A presentation given at the Mobile Ministry Forum Consultation in December 2011, highlighting 7 key trends in the mobile space:
- Saturation - It is projected that we'll reach 7 billion mobile phone subscriptions in 2012. That doesn't mean everyone will have a phone, but most will have access, whether with their own phone or through friends and family. In 2011, there were 1 billion mobile broadband subscriptions. 2 billion smartphones are predicted for 2015.
- Mini Tablets/e-Readers - These are becoming more affordable, such as the $60 tablets being developed in India for school children.
- Operating Systems - Android sales are increasing, although a large proportion of current phones run on Symbian.
- Content - New content repositories are being created, such as REAP (SIL), ETEN (Every Tribe Every Nation), TWR's Linguablast and LinguaDMS.
- Facebook - Facebook is expected to reach 1 billion users in 2012.
- Engagement - There's a desire to encourage and measure engagement with content. It's estimated that 90% users read/watch content, 9% interact with it (e.g. comment/like/share), and 1% create new content.
- Security - Complete anonymity doesn't exist. There is an increased ability to monitor people's mobile use. Sharing SD cards and bluetooth transfers are safer in sensitive situations. Some countries are trying to phase out anonymous SIM cards, requiring people to register.
Watch the video in Vimeo... [more...]
"When it comes to audio and video products, the mobile phone can be an effective method of getting the Scriptures to people... who then pass them on to other people... who then pass them on to other people..."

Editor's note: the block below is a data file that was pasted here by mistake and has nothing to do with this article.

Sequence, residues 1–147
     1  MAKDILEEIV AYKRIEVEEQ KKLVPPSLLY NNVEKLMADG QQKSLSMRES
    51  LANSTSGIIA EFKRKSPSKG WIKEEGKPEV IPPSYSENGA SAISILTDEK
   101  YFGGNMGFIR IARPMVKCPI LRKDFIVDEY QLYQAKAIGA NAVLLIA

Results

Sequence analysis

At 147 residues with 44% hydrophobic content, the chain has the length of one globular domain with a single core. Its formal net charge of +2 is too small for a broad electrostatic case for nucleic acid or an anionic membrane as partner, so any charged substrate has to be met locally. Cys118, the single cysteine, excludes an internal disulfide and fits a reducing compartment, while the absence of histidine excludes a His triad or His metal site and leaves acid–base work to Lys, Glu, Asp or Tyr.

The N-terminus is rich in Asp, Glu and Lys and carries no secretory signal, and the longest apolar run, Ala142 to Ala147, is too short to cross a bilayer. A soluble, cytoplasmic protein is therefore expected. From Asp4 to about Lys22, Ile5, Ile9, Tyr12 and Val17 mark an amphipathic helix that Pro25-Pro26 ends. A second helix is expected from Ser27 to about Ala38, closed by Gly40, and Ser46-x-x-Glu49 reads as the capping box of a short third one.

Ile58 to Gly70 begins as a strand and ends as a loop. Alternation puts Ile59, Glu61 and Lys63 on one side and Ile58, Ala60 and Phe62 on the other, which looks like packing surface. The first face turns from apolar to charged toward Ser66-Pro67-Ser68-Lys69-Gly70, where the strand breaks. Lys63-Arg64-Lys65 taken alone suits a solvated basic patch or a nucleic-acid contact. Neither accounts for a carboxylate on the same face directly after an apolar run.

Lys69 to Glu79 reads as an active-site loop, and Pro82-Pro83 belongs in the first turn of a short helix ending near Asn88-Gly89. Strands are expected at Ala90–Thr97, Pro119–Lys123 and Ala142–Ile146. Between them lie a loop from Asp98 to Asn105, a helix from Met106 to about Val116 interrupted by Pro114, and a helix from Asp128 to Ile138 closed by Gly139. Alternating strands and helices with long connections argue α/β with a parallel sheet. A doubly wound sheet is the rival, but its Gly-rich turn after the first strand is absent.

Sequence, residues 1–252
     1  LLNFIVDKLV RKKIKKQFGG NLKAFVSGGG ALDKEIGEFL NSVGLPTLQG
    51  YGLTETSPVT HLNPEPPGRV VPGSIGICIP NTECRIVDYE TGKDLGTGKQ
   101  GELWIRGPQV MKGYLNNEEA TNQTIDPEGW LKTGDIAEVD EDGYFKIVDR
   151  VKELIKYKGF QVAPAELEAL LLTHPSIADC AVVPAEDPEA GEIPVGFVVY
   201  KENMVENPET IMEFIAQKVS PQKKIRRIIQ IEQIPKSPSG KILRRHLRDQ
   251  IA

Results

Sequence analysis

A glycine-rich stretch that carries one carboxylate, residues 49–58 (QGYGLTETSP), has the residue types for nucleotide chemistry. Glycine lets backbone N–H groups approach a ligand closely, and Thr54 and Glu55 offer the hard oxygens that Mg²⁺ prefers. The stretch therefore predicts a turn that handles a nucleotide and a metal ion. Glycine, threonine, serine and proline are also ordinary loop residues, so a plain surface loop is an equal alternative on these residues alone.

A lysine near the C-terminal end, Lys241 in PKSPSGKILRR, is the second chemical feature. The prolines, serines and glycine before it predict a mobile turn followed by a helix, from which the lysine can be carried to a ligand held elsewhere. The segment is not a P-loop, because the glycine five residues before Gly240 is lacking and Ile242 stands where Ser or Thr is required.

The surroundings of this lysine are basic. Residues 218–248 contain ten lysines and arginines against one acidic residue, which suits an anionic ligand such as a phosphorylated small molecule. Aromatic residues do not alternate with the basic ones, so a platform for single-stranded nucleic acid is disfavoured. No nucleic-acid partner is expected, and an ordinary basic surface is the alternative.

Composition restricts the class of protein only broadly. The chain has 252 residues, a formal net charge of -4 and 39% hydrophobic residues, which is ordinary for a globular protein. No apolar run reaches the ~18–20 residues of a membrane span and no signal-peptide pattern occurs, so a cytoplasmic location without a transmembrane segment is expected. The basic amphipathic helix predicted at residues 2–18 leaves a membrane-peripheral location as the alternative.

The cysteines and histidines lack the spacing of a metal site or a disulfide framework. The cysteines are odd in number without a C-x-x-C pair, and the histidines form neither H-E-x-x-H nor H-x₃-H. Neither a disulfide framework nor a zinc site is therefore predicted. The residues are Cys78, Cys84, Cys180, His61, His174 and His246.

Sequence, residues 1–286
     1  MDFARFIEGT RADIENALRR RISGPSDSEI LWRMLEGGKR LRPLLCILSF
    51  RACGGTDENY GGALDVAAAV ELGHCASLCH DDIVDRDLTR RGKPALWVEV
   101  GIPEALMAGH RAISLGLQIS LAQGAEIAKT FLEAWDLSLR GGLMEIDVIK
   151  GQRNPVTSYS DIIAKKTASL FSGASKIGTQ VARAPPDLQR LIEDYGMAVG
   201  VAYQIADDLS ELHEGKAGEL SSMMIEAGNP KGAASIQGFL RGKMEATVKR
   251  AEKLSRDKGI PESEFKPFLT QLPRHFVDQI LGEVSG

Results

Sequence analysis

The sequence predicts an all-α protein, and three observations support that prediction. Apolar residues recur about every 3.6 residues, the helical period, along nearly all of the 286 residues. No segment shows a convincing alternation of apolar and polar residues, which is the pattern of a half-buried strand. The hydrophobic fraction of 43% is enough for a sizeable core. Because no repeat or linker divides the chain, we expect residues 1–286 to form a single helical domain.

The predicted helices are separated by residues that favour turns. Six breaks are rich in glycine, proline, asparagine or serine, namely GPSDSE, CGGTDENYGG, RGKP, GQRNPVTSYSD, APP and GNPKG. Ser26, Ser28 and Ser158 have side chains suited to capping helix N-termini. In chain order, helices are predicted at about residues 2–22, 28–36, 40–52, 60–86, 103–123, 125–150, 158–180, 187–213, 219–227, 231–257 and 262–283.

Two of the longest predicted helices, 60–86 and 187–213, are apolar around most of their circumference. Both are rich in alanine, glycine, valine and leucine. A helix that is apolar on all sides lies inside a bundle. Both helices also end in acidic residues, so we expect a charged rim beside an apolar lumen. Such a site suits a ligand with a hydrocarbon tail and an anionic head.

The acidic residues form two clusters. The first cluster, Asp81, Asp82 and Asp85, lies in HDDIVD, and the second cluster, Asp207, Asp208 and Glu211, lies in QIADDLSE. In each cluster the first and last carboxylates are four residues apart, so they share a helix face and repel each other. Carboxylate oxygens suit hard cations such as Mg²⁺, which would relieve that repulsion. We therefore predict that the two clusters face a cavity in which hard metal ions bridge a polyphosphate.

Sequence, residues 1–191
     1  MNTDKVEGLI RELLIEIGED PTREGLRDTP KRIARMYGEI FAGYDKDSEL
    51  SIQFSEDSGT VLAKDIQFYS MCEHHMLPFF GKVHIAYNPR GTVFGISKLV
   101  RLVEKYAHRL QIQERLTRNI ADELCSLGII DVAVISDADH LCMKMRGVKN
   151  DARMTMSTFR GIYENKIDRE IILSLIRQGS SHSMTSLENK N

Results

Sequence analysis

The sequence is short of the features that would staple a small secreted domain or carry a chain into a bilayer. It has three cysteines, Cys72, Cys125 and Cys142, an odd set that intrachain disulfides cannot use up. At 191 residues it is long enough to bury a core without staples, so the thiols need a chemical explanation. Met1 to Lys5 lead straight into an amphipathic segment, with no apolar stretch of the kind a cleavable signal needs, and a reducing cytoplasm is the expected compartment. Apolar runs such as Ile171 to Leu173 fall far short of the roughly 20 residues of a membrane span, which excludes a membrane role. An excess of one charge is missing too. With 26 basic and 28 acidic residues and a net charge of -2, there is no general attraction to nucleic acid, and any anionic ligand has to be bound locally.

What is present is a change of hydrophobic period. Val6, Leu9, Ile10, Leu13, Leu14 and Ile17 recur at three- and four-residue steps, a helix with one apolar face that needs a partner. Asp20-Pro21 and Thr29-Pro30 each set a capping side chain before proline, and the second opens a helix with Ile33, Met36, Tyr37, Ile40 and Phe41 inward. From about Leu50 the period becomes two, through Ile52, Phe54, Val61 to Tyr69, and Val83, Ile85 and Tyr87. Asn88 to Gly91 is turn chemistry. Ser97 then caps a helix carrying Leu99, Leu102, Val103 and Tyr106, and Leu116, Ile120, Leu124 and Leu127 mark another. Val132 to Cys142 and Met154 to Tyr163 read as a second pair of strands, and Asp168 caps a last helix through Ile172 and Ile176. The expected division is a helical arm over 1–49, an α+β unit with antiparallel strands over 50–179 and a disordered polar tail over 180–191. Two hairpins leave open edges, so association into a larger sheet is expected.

This article discusses some of the implications of mobile phone technology for encouraging the sharing of audio/video Scripture products. Questions raised include:
- Who is your target audience?
- What are the best Scripture products for the phone?
- How will people get their first copy of the media files which they can then share with their friends?
- Are there any copyright issues involved?
- How could mobile phone technology become an obstacle to people engaging seriously with God’s Word?
- What are the most positive aspects of using mobile phones for Scripture distribution?
YouVersion and OneHope have teamed together to develop The Bible App for Kids, "designed specifically to engage children with stories from the Bible". It's available for free download for Android and iOS mobile devices. It was installed more than 450,000 times by people on its launch day.
The app comes with six interactive Bible stories: